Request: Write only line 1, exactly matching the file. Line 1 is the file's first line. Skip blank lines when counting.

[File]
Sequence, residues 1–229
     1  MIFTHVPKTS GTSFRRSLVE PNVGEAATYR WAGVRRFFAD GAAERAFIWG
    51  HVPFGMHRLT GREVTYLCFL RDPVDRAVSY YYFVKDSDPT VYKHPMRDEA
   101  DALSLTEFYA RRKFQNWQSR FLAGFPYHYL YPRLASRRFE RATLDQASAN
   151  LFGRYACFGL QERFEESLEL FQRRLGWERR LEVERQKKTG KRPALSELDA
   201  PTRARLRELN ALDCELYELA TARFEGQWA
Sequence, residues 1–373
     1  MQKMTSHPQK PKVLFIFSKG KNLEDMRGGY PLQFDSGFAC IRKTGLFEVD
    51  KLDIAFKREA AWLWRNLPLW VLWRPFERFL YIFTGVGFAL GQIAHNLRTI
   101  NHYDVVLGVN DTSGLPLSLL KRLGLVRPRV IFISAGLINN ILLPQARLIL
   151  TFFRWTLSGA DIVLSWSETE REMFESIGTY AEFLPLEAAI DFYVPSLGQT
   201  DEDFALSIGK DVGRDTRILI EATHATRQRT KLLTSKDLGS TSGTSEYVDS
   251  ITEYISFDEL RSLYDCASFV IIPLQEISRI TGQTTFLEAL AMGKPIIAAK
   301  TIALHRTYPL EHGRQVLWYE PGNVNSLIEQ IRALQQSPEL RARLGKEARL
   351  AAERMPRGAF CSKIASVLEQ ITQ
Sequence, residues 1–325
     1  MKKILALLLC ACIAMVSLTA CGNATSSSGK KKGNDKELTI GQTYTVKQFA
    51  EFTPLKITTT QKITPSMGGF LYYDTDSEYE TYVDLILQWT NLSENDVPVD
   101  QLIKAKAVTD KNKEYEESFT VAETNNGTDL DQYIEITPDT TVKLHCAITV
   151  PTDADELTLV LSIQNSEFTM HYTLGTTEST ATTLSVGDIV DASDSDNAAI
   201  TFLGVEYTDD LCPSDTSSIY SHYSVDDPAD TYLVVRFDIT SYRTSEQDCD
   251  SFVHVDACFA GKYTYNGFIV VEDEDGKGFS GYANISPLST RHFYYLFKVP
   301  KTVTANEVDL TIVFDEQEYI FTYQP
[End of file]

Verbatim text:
Sequence, residues 1–229